One key information need is to provide assessment information about patient stability to nurses. Nurses in this study described assessing the patient over the course of a shift or several shifts to individualize mobility progression, and nurses described information sources they used to determine patient stability for mobility. To improve the efficiency for nurses in seeking information about mobility decision-making, a trended display of patient stability for physiologic metrics that nurses currently use (eg, vital signs, respiratory indicators, sedation level) from the EHR may support decision-making. A second key information need is to provide historic patient mobility information to nurses. Participants described using information about the patient’s past mobility activity to inform their planning for the shift and looking for this information in multiple places. There are valid numerical scales to quantify mobility status and to efficiently communicate the highest level of activity a patient has achieved [, ]. A current mobility value and trended display of the patient’s previous mobility progress or decline added to the EHR may support decision-making, as nurses in this study routinely sought out information about the patient’s previous mobility and response.
We have identified information that may be amenable to technology-based interventions to support nurse decision-making for mobility in the ICU. Studies using WDA-informed information displays have demonstrated improved ability for ICU and emergency room nurses to detect patient changes when compared to use of the existing EHRs [, ]. From our WDA, we identified a need for indicators of patient stability (or instability) using trended patient data and indicators for mobility status. Future research on the feasibility and acceptability of prototypes that communicate this clinically meaningful information is needed.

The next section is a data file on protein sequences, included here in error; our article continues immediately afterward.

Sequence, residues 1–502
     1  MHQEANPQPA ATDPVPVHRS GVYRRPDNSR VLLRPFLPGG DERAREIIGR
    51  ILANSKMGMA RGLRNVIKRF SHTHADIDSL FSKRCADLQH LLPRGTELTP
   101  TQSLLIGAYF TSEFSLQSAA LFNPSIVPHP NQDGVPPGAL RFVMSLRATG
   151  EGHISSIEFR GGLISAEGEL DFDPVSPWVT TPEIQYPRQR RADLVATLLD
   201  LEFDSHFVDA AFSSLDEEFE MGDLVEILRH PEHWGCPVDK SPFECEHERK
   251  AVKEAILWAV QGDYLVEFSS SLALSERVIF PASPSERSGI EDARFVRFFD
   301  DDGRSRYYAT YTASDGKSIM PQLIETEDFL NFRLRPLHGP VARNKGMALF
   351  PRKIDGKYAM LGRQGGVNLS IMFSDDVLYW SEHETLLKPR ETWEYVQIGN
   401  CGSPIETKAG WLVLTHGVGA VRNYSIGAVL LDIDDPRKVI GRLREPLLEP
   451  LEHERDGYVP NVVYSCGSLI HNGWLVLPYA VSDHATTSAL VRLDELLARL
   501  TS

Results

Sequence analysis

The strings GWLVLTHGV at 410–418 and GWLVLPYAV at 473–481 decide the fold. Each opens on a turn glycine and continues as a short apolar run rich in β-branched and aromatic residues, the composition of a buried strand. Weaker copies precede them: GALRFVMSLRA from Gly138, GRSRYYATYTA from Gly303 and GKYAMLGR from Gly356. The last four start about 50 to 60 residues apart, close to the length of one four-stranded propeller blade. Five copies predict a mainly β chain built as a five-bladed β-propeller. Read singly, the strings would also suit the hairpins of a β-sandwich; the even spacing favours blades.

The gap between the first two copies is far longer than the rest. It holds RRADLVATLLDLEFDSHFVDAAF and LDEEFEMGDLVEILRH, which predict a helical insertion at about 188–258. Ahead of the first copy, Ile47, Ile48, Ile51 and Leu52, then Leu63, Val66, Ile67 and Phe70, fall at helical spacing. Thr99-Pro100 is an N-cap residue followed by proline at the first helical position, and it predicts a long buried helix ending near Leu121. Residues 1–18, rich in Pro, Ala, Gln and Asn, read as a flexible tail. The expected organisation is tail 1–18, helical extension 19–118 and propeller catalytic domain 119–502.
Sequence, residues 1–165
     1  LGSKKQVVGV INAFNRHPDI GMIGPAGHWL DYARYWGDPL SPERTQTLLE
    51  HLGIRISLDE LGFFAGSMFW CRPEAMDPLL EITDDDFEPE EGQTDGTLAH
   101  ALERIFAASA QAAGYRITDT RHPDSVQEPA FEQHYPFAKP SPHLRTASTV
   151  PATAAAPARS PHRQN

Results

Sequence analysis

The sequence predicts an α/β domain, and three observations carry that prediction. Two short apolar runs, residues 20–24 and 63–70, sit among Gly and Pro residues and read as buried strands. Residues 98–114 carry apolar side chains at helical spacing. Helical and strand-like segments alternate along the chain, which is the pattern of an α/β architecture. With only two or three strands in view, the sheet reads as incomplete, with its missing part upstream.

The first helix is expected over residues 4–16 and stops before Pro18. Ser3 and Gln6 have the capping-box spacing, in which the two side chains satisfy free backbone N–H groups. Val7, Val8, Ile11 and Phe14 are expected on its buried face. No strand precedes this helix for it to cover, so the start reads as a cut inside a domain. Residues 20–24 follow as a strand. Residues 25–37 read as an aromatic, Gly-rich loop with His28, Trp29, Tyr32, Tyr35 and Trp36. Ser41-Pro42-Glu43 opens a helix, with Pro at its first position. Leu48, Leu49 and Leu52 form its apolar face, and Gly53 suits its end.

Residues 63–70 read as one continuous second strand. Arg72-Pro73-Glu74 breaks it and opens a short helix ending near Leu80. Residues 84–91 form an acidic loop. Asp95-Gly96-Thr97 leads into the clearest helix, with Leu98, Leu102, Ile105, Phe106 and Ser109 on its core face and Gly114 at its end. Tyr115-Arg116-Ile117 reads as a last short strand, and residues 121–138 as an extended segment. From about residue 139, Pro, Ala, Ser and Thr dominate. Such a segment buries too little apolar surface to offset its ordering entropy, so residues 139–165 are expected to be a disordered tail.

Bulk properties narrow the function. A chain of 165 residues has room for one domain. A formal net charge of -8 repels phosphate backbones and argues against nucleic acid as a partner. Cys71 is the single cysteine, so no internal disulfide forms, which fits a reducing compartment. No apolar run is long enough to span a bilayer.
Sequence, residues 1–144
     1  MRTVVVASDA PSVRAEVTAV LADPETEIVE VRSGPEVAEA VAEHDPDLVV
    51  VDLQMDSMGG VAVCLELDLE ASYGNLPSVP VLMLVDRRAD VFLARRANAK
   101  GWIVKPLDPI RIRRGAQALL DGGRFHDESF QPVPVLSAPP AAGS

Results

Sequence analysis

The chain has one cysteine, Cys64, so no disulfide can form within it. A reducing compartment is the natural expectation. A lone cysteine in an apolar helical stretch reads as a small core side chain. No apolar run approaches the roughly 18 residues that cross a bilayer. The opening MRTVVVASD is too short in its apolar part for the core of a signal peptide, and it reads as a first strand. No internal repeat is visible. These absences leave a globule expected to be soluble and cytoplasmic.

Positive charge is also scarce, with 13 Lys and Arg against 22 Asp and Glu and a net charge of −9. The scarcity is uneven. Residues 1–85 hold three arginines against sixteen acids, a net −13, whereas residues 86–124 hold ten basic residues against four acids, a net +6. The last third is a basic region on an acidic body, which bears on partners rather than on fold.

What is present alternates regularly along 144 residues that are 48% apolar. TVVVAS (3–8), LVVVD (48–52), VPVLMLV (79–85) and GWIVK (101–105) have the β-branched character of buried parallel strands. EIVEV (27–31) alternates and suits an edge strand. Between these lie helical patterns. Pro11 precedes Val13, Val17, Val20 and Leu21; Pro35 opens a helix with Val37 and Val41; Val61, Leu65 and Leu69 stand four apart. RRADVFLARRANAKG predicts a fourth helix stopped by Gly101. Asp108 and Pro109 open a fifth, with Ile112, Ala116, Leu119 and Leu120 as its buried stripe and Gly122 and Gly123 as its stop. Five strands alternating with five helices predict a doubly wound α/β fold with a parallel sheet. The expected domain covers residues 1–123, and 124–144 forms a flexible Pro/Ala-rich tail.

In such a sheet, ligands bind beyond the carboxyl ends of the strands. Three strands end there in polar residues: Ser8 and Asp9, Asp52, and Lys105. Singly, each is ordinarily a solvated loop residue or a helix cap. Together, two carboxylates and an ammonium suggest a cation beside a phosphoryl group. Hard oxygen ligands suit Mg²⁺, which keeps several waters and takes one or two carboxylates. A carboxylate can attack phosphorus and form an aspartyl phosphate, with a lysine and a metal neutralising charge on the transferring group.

Findings from the WDA also demonstrate opportunities and recommendations for unit-level information needs. Using technology interface design to organize relevant patient and unit information may offer several benefits. For example, displaying patient and unit information simultaneously may assist with limited resource allocation by prioritizing patients who display a greater need for mobility, such as a patient that has a greater duration of immobility. A unit display may also support a unit culture of accountability for mobility progression, as each patient’s mobility status is visible to the ICU team. A unit-based display or dashboard of real-time EHR data for promoting guideline-based mechanical ventilation care has been found to improve interprofessional care coordination, communication, and patient outcomes . Future work is needed to develop and test visualizations for communicating guideline-based mobility care within the ICU.